d.      Community Impact Assessment Website. The Community Impact Assessment (CIA) website seeks to inform transportation officials and the general public about the potential impacts of proposed transportation actions on communities and their subpopulations.

e.       United We Ride. United We Ride is an interagency Federal national initiative that supports States and their localities in developing coordinated human service delivery systems originating from the Office of Program Management or the Federal Transit Administration. In addition to State coordination grants, United We Ride provides State and local agencies a transportation-coordination and planning self-assessment tool, help along the way, technical assistance, and other resources to help their communities succeed.

2.   Technical Assistance Products. Recipients and subrecipients are encouraged to review information on the following technical assistance products. Interested parties can access these products through the relevant website or by contacting FTA’s Office of Civil Rights.

a.       “How to Engage Low-Literacy and Limited English Proficient Populations in Transportation Decision-making.” This report documents “best practices” in identifying and engaging low-literacy and limited-English-proficiency populations in transportation decision-making. These “best practices” were collected during telephone interviews with individuals in 30 States.

b.      “Disaster Response and Recovery Resource for Transit Agencies” This resource provides local transit agencies and transportation providers with useful information and best practices in emergency preparedness and disaster response and recovery, including information on how to respond to the needs of low-income persons, limited English proficient persons, persons with disabilities, and older adults.   

Exhibit A – Safe Harbor Provision

The U.S. DOT has adopted the Department of Justice’s (DOJ’s) Safe Harbor Provision, which outlines circumstances that can provide a “safe harbor” for recipients regarding translation of written materials for LEP populations. The Safe Harbor Provision stipulates that, if a recipient provides written translation of vital documents for each eligible LEP language group that constitutes five percent (5%) or 1,000 persons, whichever is less, of the total population of persons eligible to be served or likely to be affected or encountered, then such action will be considered strong evidence of compliance with the recipient’s written translation obligations. Translation of non-vital documents, if needed, can be provided orally. If there are fewer than 50 persons in a language group that reaches the five percent (5%) trigger, the recipient is not required to translate vital written materials but should provide written notice in the primary language of the LEP language group of the right to receive competent oral interpretation of those written materials, free of cost.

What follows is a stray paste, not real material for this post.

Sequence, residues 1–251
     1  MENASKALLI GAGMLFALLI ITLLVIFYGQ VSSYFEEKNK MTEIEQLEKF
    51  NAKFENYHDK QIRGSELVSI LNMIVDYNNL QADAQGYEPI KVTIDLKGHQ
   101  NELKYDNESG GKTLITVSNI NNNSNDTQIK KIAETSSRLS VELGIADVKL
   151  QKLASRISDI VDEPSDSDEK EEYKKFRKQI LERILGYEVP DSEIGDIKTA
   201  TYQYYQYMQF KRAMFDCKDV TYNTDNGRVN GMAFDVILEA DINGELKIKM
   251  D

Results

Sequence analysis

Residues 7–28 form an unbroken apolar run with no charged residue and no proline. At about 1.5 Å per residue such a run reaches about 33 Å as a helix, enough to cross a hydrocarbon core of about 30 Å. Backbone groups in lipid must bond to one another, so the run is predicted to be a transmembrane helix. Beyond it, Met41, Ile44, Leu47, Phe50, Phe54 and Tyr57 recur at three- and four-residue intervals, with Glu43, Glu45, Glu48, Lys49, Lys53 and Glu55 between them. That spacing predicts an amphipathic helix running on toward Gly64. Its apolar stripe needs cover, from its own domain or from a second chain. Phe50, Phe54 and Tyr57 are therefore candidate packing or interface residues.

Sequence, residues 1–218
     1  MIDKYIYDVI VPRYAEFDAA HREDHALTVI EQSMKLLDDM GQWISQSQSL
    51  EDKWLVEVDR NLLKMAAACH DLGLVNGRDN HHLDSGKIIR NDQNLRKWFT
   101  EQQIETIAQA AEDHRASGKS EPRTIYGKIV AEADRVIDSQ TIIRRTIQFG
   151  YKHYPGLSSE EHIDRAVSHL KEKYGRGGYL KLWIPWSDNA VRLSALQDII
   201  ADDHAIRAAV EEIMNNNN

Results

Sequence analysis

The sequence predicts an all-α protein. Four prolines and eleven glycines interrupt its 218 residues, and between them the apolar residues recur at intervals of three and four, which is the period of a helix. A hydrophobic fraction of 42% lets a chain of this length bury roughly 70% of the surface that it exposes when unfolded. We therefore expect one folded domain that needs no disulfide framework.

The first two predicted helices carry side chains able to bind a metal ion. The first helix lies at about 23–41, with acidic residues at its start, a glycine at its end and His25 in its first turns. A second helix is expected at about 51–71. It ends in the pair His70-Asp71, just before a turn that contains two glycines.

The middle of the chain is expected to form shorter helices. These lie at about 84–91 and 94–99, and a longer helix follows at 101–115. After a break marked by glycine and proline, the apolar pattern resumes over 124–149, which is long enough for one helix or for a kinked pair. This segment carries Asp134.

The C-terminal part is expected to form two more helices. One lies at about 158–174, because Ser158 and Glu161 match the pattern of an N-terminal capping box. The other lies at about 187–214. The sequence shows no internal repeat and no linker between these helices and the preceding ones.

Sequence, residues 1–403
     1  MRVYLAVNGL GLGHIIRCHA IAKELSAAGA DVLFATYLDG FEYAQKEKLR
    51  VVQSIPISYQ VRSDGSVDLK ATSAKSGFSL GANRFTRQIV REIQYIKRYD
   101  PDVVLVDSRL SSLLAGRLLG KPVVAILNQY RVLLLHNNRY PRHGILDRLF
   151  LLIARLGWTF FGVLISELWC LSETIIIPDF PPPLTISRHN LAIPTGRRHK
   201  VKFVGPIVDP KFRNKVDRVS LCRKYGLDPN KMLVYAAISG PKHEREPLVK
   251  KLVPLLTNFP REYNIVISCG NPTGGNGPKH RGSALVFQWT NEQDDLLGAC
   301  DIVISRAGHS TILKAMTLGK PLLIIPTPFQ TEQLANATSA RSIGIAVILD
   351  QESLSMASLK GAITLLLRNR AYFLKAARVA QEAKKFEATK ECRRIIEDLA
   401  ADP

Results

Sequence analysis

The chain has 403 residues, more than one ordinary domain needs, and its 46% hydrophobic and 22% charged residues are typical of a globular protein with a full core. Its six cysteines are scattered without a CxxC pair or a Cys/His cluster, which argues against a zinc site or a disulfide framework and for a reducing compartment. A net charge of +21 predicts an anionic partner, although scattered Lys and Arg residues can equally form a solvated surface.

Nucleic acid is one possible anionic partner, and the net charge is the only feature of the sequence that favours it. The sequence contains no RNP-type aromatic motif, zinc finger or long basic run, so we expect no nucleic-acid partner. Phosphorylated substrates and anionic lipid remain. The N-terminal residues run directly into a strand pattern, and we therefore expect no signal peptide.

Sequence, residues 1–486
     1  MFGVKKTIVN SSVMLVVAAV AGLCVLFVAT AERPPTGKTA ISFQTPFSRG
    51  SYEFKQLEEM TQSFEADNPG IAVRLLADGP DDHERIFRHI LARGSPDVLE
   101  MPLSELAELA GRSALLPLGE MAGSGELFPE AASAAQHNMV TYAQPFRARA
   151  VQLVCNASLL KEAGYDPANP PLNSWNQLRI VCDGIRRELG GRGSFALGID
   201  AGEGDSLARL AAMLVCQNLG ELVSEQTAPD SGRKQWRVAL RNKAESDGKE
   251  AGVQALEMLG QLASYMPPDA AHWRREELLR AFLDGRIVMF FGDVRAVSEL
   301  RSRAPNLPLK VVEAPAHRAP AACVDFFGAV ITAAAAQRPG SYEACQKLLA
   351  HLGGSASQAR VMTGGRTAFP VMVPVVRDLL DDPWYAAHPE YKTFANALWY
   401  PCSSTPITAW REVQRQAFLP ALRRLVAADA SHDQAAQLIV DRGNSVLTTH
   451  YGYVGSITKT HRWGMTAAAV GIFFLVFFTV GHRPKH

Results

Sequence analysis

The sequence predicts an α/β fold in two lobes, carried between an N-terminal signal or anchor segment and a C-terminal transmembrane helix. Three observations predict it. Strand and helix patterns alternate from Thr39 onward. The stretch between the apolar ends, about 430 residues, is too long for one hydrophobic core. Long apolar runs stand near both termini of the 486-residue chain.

These safe harbor provisions apply to the translation of written documents only. They do not affect the requirement to provide meaningful access to LEP individuals through competent oral interpreters where oral language services are needed and are reasonable. A recipient may determine, based on the Four Factor Analysis, that even though a language group meets the threshold specified by the Safe Harbor Provision, written translation may not be an effective means to provide language assistance measures. For example, a recipient may determine that a large number of persons in that language group have low literacy skills in their native language and therefore require oral interpretation. In such cases, background documentation regarding the determination shall be provided to FTA in the Title VI Program.